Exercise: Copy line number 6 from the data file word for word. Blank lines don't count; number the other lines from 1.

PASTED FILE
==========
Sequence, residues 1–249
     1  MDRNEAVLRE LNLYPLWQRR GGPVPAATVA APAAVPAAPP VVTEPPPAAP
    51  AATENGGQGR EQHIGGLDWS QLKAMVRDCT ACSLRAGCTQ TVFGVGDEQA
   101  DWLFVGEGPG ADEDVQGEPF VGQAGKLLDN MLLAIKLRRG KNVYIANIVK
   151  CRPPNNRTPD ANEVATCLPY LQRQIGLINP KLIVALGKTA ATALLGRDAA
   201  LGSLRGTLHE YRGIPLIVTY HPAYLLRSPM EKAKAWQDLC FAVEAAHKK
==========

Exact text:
   201  LGSLRGTLHE YRGIPLIVTY HPAYLLRSPM EKAKAWQDLC FAVEAAHKK